Collective Ownership is a rather simple concept founded on the philosophy of a shared commitment to making decisions (and following through on them) based upon the benefit for the greater good. This is not necessarily a democratic model where majority rules, but a model whereby all angles are considered, empathy is commonplace, and strategic thought is paramount. The concepts of collective ownership and cooperative leadership go hand in hand and serve to underpin the actions of many great people, and though related, I will leave the latter to another discussion. Having served almost 20 years in the Cryptologic Community, I have observed that, like most teams, not everyone is equally committed to the philosophy of collective ownership. To this day we see too many examples of "cylinders of excellence", individuals protecting perceived "rice bowls", and Shipmates viewing themselves as helpless victims instead of the problem solving value creators most of us are.
"Cylinders of Excellence" is a somewhat sarcastic term used to describe teams who operate in isolation. They would rather be self-sufficient franchises with duplicative capabilities than part of a larger team with deliberately built interdependencies fostering the growth of complementary expertise. Pointing to any specific organization or team within our larger team as an example is counterproductive to the culture we are strengthening, so we all should refrain. Instead, consider reflecting on your experiences and how the teams in which you have served may have operated as "cylinders of excellence." I go back to my time as a Cryptologic Resource Coordinator (CRC) and the collective ownership model the CRCs across the waterfront enjoyed. We continually shared ideas, offered best practices, and celebrated the successes of others as if they were our own. We saw our responsibility as advancing afloat cryptology across the waterfront over time, not merely within our respective staff during our individual tour. Speaking with current CRCs, I know that philosophy still exists within that peer group. Recent conversations with fellow Commanding Officers make it clear that more than a few are equally committed to this philosophy.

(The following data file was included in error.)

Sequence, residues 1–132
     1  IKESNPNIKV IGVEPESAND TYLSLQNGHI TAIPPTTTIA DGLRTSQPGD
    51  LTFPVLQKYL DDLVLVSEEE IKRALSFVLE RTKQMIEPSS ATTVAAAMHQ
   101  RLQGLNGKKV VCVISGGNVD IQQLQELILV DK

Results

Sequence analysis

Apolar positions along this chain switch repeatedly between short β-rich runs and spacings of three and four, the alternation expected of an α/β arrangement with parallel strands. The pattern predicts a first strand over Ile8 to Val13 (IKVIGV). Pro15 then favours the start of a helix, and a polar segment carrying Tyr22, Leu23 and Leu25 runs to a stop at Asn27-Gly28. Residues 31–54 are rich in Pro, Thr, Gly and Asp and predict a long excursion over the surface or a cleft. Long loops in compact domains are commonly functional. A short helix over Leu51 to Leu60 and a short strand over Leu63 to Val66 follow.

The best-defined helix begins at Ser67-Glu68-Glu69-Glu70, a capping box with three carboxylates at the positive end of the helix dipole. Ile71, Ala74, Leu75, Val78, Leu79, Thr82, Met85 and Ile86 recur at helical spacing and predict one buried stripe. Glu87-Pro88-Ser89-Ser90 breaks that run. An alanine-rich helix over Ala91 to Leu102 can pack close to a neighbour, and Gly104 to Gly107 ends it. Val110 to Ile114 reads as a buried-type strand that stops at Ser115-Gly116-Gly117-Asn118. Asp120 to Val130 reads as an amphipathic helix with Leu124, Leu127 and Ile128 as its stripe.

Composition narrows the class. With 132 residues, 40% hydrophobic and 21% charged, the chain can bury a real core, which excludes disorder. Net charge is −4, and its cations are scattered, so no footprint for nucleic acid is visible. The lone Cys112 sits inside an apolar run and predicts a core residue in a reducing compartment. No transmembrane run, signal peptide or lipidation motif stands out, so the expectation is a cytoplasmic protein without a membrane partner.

Those of us who have done our share of staff work have likely experienced frustration with others who seem to "Go Native" and lose site as to what we are attempting to accomplish as a community. As members of the Cryptologic COMMUNITY distributed across the Navy and Joint world, we have a shared responsibility to strategically lead, help others to understand our unique capabilities, and create opportunities to both contribute to and build upon our core skills, provided WE believe our actions are in the best interest of the Nation. Our job is not to protect "our baby", keep the command to which we are assigned open, or fence billets which may in fact be based on obsolete requirements. We are not politicians protecting our constituents; we are professional cryptologists who are willing to tell our seniors when they are in fact naked (demanding that our juniors do the same for us), who take pride in advocating against what may superficially appear to be in our command's best interest, and who are committed to facilitating deliberate progress vice merely admiring the problem. We are placed on a given staff because of our individual expertise and that of the community we represent, not to protect "rice bowls" or create hollow pet projects in the name of self-preservation or a (not so) great idea from above.
Being one who takes great pleasure in interacting with people across the community, I have grown somewhat frustrated with the number of us who fail to understand that each of us has the power to make a difference and personally address the issues that we see as most important. Taking permission, seizing opportunity, and deliberately partnering is how some of the most exciting initiatives become reality. I've been to too many working groups where control grade officers and senior enlisted Sailors (among others) talk about issues and dismiss them as something they cannot personally affect. That has changed quite a bit over the last two years (from what I have seen), but we could do even better. I have personally witnessed many great ideas percolate up from the deck plate and transition from idea to action to realization. That said, I have witnessed more of us acknowledge a given issue, complain about the status quo, and expect someone else to address the perceived problem. A culture of collective ownership empowers the individual, asks that we all err on the side of action, and demands that none of us constrain ourselves by our rank or job title.
There is no doubt that we are a community made up of great people who continue to do amazing things. Just imagine what a seamless culture of collective ownership could deliver to OUR Nation, OUR Navy, OUR Shipmates, and lastly OURselves. Let that be OUR legacy!